“I doubt that is going to happen. I doubt the medical position will enable that. And so you've just got to follow the medical evidence on all of these, whether it's borders or whether it's the restrictions on trade or of local businesses or whatever it happens to be," Morrison said.

Here are some of the regional policies:

Victoria remains closed to all of Australia’s states and territories.

Northern Territory Chief Minister Michael Gunner said Tuesday that he plans for an 18-month border closure between his region and anywhere considered a hotspot -- including Australia's two largest cities, Melbourne and Sydney.

“Cancel your Christmas holiday plans, stay here in the Northern Territory," Gunner said in an interview with public broadcaster ABC on Tuesday. “We’re working towards an 18-month-window from today, towards the end of next year, is how we’re starting to resource our borders. We’re recruiting extra police. We’re making sure we keep those hard border controls in place.” 

Western Australia and Tasmania remain closed to people from all other states.

Queensland and South Australia are closed to residents of Victoria and are quarantining anyone traveling in from New South Wales.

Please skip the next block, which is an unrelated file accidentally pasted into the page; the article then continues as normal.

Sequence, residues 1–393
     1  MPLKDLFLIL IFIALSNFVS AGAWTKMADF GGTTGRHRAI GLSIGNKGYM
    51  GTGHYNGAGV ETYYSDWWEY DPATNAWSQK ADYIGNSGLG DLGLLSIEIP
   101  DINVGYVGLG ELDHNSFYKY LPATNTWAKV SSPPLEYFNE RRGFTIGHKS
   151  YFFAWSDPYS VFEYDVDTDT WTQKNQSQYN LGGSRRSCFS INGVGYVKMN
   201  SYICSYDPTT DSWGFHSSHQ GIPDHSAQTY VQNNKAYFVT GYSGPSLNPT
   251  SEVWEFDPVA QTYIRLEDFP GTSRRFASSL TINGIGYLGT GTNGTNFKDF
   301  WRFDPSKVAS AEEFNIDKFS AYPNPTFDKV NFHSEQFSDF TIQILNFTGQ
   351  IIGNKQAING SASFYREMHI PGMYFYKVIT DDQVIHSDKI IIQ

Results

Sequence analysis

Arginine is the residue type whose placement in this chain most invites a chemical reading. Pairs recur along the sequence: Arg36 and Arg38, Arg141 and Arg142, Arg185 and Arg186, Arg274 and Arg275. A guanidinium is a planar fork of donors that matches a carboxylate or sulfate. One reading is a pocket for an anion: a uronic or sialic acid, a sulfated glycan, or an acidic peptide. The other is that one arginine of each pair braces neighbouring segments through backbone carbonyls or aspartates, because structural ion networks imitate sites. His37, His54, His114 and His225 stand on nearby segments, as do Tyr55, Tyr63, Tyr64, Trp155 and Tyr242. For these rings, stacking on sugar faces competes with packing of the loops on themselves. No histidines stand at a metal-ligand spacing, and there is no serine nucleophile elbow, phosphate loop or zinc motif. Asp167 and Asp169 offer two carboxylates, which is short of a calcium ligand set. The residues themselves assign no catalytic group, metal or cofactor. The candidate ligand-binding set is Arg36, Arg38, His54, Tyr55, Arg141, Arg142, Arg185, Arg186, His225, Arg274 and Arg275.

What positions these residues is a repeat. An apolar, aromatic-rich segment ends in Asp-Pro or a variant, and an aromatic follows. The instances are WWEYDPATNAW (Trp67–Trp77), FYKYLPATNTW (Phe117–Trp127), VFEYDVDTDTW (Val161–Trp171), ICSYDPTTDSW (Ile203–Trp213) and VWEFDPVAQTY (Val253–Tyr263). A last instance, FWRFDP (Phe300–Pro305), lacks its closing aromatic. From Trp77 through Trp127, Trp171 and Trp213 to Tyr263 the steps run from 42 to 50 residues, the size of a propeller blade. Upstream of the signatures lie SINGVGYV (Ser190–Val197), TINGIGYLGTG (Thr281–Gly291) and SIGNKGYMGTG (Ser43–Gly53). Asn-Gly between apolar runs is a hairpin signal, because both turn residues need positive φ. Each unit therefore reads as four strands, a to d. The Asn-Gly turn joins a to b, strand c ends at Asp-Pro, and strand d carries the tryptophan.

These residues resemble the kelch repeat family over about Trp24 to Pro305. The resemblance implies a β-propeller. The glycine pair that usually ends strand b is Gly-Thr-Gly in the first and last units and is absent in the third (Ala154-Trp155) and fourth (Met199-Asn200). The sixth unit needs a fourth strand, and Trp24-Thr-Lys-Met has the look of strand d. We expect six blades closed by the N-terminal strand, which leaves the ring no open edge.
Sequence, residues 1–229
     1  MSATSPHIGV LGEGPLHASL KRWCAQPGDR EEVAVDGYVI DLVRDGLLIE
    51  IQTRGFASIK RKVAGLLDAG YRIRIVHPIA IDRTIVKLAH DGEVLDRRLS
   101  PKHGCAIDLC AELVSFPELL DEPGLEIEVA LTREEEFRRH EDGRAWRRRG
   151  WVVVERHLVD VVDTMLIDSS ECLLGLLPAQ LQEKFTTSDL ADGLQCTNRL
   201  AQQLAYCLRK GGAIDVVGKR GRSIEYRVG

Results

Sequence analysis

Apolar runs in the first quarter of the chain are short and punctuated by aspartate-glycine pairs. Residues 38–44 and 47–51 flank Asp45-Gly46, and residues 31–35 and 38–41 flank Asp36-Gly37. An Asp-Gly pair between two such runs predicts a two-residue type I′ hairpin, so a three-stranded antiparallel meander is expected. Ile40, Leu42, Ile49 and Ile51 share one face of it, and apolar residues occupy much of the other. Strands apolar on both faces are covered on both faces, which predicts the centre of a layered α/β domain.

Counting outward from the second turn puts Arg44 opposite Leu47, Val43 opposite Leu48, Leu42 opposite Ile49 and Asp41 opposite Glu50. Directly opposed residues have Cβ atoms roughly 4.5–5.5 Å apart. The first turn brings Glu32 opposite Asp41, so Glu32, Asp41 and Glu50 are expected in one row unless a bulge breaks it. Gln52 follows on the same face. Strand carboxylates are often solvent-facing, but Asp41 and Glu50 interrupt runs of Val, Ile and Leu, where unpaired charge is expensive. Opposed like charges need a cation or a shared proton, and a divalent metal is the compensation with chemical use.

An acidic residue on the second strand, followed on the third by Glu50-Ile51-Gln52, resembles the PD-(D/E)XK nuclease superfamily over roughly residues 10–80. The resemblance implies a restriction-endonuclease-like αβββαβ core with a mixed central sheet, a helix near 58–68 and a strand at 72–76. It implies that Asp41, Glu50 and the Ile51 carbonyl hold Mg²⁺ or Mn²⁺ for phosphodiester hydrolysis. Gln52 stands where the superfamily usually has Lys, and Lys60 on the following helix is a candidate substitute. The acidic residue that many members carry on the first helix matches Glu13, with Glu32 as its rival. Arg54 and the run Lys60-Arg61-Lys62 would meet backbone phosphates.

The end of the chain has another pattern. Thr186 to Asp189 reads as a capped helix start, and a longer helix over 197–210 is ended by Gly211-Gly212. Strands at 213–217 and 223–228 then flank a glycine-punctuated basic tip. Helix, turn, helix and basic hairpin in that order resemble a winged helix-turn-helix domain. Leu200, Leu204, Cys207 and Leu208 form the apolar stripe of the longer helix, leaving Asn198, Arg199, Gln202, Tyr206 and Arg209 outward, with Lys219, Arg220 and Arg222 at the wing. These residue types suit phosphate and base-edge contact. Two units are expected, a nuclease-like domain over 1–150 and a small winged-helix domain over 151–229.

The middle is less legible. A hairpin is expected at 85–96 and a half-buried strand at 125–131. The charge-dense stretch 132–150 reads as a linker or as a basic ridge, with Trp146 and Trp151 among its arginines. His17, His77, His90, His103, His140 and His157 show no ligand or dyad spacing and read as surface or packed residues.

The Australian Capital Territory requires anyone traveling to the capital from Sydney or the state of Victoria to undergo a quarantine upon arrival.


12:02 a.m. ET, August 11, 2020

Japan's new daily Covid-19 infections drop below 1,000 for the first time in nearly two weeks

From CNN's Yoko Wakatsuki in Tokyo

People wait for a train at Shinjuku station on August 4 in Tokyo.
People wait for a train at Shinjuku station on August 4 in Tokyo. Yuichi Yamazaki/Getty Images

The Japanese Ministry of Health said 842 new cases of Covid-19 were identified on Monday, the first time in 13 days that the number of infections reported in a day dropped below quadruple digits.

Positive signs also emerged in Tokyo, where many of the new cases have been recorded. The Japanese capital recorded 196 infections Monday, the first time the daily case count there has dropped below 200 in two weeks.